February 4, 2013

Photography and the growing mobile movement

Alice-Cooper

Richard Gray’s photo of Alice Cooper, taken with a DSLR and processed with an iPhone editing app.

Even the pros are increasingly using smartphones & mobile editing tools

JD LasicaWill smartphones not only influence but dominate the next generation of photography?

I’ve come around to the conclusion that answer has to be a qualified yes. And although I documented last week’s Macworld | iWorld Expo 2013 with a Canon 5D — here’s my 35-photo Flickr set — I was very much in the minority among the waves of iPhone-wielding attendees.

If there’s any doubt about mobile devices’ impact on the world of professional photography, I refer you to Friday’s session at the conference titled “iPhoneography: iPhone In Education & The Mobile Movement in Photography” by British photographer Richard Gray. Gray tweets at @rugfoot, writes the iPhoneography blog iphoggy, and he shared his presentation Lessons learnt teaching iPhoneography on Google Drive.

Sessions on iPhoneography — defined as “a purely digital photographic process using Apple’s iPhone camera as the primary tool” — often focus on some of the cool if gimmicky apps (some of which I use) such as Percolator, WordFoto, TinyPlanets, ArtRage, Color Splash, Decim8, Slow Shutter Cam, AppAlchemy, ToonPaint and others.

But Gray, who teaches iPhoneography to students in Great Britain, brings a professional photographer’s eye to this fascinating emerging landscape. On a recent trip to Corsica, he supplemented his big camera with his iPhone and came away with some stunning images.

Mobile photography offers a journey down riveting side roads

Richard captured his image with his iPhone on a subway ride.

Richard Gray captured his image with his iPhone on a subway ride.

“The arrival of iPhoneography shows that people don’t always want to take a journey of perfection. Sometimes they want to take side roads and find imperfection and distortion and dirt.”

“With traditional photography, using a DSRL (digital single lens reflex camera), it’s a linear journey toward perfection,” Gray said. “The arrival of iPhoneography shows that people don’t always want to take a journey of perfection. Sometimes they want to take side roads and find imperfection and distortion and dirt.”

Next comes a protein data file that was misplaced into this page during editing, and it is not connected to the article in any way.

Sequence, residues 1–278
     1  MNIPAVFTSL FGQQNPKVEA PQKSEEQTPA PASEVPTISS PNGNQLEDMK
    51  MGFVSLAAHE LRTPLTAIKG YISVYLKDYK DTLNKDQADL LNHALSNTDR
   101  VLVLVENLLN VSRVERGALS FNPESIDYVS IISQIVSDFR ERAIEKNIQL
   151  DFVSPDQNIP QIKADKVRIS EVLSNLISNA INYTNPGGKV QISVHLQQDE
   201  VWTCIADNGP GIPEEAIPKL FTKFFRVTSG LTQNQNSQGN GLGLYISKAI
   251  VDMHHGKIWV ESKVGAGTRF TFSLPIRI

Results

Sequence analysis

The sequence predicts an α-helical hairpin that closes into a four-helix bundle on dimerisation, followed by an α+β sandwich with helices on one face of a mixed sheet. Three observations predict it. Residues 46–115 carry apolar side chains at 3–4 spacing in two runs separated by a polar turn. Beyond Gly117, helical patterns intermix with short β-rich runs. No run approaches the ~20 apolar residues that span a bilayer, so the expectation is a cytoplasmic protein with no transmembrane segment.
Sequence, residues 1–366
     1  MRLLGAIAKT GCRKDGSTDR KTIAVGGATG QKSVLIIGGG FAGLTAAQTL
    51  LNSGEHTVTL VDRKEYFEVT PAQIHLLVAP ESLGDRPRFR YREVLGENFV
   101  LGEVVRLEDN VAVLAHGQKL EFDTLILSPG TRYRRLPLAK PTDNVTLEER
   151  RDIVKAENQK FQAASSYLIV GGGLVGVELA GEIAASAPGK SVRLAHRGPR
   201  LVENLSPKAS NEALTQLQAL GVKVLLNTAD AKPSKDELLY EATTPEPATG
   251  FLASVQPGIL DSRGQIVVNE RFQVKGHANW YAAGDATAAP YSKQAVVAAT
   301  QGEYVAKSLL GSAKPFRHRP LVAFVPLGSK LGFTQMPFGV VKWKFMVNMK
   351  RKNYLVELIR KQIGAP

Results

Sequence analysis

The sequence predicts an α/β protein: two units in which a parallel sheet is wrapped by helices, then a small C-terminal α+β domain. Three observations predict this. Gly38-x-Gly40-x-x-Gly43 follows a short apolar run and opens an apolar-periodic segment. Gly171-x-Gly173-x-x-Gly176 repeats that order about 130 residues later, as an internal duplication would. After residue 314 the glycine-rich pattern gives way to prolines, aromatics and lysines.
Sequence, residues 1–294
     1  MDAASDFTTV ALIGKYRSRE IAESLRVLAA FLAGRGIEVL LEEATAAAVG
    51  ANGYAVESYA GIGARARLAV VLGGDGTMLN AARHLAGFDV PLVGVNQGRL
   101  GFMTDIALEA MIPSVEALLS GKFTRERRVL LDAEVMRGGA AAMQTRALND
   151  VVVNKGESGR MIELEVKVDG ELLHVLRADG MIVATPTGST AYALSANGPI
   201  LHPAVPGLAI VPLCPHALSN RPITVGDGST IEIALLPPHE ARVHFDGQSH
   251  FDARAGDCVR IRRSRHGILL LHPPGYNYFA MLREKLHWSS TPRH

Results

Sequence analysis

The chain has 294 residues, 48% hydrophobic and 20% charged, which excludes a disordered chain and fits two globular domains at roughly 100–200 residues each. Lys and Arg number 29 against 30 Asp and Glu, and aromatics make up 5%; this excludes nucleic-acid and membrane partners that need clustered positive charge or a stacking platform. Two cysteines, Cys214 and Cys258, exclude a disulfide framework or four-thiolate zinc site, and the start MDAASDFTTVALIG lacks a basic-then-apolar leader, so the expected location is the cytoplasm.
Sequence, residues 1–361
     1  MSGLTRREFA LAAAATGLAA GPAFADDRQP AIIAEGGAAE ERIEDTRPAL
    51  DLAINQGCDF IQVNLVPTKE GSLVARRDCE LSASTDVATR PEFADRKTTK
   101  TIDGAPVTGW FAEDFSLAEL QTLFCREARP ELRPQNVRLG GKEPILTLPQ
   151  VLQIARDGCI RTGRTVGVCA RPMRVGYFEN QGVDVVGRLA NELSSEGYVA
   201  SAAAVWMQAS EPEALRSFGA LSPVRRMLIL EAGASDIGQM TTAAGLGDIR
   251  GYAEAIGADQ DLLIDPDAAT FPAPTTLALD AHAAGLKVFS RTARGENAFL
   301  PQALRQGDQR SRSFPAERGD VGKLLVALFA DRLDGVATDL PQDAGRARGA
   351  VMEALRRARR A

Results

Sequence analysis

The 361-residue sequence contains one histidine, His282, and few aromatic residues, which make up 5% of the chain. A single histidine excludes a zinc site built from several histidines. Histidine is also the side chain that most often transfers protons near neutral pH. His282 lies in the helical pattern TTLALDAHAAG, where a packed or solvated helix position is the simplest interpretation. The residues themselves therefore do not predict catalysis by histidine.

As has happened with music and video, with photography once again technology is disrupting cultural norms that had persisted for generations. While a great photographer still needs that ineffable quality — a good eye, a sense of how to capture movement at just the right moment — mobile technology is democratizing photography in a big way.

“I think tomorrow’s professional photos will come from those who are taking photos with the iPhone,” Gray said. “Today they’ve begun to hone their skills and sharpen their eyes, and I’m sure that’ll translate into making money with photos in the future.”

The marketplace is beginning to reflect that. On a recent magazine assignment, Gray said, 85 percent of the photos he sold were taken with an iPhone.

Mobile photography, journalism & art: A revolution in the making

A winner at the Mobile Photo Awards.

A winner at the Mobile Photo Awards.

Gray mentioned three resources for photographers who want to monetize their mobile photos:

FOAP, a mobile photo agency with a straightforward business model: You and agency get $5 each on each $10 sale.

Scoopshot, a photojournalist agency that lets you sell photos and video to local news outlets from your smartphone.

RooM, a rights-managed mobile content agency.

Last April I was drawn into iPhone and iPad art at ArtHaus Gallery in San Francisco, which featured a stunning exhibit of Mobile Photography Awards from photographers, including my friend Shane Robinson. And last week’s Macworld Expo featured an iPhone Film Festival and an art gallery filled with images created on the iPad or iPhone.

If you know of other mobile photography exhibits or awards, please share in the comments. With more than a billion smartphones in the world — a number expected to double in just a few years — it’s a trend worth keeping an eye on.JD Lasica, founder of Socialmedia.biz, is now co-founder of the cruise discovery engine Cruiseable. See his About page, contact JD or follow him on Twitter or Google Plus.

  • KassandraFayeHudson

    Thanks for this article. I love to learn more about photography, using smartphones is just the right one for me since I travel a lot, and it is more convenient to bring around. I love to post all the images captured by me for my social media http://www.chatching.com
    Kassandra